THE SPEAKER « » : The honourable member for Guysborough-Eastern Shore-Tracadie.


HON. LLOYD HINES « » : Madam Speaker, on January 23rd, the Guysborough County Community Health Board held an event at the Guysborough Legion to congratulate the many recipients of the 2018-2019 Wellness Fund.

This year, there were over 20 applications from non-profit community groups and organizations of which 11 were awarding funding for their charitable projects. The Eastern Communities Youth Association in Canso will be doing a preteen cooking class; the Guysborough County Adult Learning Association is heading up a project called Journaling using Technology; and the Mulgrave Garden Club will be making great use of their funding as soon as the ground thaws. These are just a sampling of the many wonderful initiatives being developed in Guysborough-Eastern Shore-Tracadie.

It is encouraging to see so many community non-profit organizations committed to improving the health and well-being of Guysborough County residents, and I wish them the best of success in their valued efforts.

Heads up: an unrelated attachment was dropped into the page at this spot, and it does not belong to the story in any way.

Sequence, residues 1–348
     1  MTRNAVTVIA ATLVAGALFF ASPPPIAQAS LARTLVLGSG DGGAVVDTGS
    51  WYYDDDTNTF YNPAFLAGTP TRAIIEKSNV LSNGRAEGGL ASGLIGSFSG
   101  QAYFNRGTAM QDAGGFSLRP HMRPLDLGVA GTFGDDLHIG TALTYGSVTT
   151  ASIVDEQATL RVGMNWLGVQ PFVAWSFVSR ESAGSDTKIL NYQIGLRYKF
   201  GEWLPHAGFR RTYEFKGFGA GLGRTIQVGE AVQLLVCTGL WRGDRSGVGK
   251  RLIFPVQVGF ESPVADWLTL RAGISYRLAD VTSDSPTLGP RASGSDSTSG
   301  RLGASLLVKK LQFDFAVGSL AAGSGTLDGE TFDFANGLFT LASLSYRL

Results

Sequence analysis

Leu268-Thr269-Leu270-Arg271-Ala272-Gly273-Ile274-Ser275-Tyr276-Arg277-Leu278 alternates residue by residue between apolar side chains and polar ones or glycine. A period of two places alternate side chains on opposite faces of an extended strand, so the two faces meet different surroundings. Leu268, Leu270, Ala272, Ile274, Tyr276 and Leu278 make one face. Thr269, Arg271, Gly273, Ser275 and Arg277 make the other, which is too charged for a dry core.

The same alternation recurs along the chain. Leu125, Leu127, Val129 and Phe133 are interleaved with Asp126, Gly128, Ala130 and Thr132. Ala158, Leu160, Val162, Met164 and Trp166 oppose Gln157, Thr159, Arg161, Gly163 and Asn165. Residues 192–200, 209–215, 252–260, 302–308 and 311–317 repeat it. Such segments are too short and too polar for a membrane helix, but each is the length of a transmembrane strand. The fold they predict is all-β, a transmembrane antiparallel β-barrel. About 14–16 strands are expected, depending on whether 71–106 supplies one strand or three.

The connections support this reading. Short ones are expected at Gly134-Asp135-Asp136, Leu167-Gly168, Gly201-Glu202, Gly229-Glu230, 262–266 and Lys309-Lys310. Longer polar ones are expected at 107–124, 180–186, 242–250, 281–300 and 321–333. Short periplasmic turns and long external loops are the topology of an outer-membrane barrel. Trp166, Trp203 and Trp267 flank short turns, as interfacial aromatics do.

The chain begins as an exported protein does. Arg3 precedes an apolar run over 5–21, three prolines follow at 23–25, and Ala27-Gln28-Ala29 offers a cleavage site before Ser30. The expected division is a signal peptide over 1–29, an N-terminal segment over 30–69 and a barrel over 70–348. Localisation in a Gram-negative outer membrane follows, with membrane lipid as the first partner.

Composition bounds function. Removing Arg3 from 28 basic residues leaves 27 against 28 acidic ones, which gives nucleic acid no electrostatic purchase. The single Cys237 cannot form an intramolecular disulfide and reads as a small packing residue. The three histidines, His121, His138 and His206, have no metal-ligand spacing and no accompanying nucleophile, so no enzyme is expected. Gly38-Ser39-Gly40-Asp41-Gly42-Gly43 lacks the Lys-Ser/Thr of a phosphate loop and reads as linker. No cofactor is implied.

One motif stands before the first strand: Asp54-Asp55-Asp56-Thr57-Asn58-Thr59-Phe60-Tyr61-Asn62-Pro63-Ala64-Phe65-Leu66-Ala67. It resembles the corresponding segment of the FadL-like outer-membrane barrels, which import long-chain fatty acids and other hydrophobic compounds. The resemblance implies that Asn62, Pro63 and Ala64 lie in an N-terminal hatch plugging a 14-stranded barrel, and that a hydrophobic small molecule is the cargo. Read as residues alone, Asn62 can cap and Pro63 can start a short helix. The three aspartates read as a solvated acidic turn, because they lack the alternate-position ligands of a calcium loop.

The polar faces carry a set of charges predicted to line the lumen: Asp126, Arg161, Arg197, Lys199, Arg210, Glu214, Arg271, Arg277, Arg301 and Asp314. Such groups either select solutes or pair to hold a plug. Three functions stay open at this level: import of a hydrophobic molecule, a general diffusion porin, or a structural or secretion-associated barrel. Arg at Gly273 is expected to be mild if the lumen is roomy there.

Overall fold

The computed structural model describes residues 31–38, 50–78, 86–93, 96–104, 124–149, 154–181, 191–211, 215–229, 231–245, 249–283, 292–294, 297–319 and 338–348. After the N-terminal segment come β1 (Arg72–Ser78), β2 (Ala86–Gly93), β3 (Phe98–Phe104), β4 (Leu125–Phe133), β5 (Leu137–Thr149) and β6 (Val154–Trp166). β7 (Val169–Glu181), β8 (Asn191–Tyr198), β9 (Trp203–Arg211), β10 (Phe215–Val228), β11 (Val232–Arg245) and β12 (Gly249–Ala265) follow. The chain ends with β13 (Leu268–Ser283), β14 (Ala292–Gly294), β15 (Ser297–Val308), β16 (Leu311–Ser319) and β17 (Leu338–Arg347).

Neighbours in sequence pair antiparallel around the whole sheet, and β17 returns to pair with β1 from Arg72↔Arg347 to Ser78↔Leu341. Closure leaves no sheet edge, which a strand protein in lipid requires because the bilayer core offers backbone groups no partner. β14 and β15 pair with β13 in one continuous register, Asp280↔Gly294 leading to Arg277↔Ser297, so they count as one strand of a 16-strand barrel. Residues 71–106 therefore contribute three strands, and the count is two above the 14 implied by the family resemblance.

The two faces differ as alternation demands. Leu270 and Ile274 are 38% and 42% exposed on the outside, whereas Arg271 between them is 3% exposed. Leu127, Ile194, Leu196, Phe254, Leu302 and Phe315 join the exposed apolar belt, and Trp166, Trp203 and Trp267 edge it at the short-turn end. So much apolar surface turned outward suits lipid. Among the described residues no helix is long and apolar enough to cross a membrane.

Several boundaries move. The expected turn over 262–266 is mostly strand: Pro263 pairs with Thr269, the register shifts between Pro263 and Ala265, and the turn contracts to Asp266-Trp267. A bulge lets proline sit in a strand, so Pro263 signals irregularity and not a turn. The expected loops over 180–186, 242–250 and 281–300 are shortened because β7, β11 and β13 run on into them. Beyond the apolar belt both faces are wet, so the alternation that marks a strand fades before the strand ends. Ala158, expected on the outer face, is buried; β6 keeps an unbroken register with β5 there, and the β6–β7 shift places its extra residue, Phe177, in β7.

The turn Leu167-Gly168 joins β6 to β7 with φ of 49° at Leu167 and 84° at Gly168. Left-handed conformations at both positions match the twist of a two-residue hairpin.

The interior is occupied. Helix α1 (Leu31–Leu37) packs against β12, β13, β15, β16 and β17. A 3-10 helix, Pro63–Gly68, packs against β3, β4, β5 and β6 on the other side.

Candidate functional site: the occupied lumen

THE SPEAKER « » : The honourable member for Queens-Shelburne.


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KIM MASLAND: Madam Speaker, today I wish to recognize Liverpool family physician Dr. Timothy Woodford, who has been named Sail Nova Scotia's Sailor of the Year for 2018. Tim is a lifelong sailor, growing up on the beautiful Bras d'Or Lakes in Baddeck, Cape Breton. After moving to Liverpool in 1986, he continued to practice his passion, and several years ago began sailing lasers. He has competed internationally at the World Sailing Championships in Canada, Mexico, and Ireland where, in 2018, he finished third in his class at the Laser Grand Master World Championships.

Madam Speaker, please join me as I congratulate Tim on receiving this award and wish him every success in his forthcoming international sailing competitions.

THE SPEAKER « » : The honourable member for Halifax Armdale.


HON. LENA METLEGE DIAB: Madam Speaker, growing our economy, increasing our population, and connecting young Nova Scotians and recent graduates with meaningful employment opportunities is vital to our success. Cindy Ryan of Armdale plays a role in this important process as the employer development coordinator in Dalhousie University's Faculty of Management.